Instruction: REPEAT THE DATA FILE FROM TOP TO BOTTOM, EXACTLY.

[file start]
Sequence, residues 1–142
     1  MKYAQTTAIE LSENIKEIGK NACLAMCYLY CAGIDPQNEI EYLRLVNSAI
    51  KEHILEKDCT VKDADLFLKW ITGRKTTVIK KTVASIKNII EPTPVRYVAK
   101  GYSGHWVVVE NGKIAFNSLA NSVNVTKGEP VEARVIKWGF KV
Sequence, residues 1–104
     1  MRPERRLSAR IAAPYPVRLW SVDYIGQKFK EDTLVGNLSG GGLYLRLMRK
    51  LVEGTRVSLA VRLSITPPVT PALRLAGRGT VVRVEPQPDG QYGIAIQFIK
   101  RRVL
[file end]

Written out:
Sequence, residues 1–142
     1  MKYAQTTAIE LSENIKEIGK NACLAMCYLY CAGIDPQNEI EYLRLVNSAI
    51  KEHILEKDCT VKDADLFLKW ITGRKTTVIK KTVASIKNII EPTPVRYVAK
   101  GYSGHWVVVE NGKIAFNSLA NSVNVTKGEP VEARVIKWGF KV
Sequence, residues 1–104
     1  MRPERRLSAR IAAPYPVRLW SVDYIGQKFK EDTLVGNLSG GGLYLRLMRK
    51  LVEGTRVSLA VRLSITPPVT PALRLAGRGT VVRVEPQPDG QYGIAIQFIK
   101  RRVL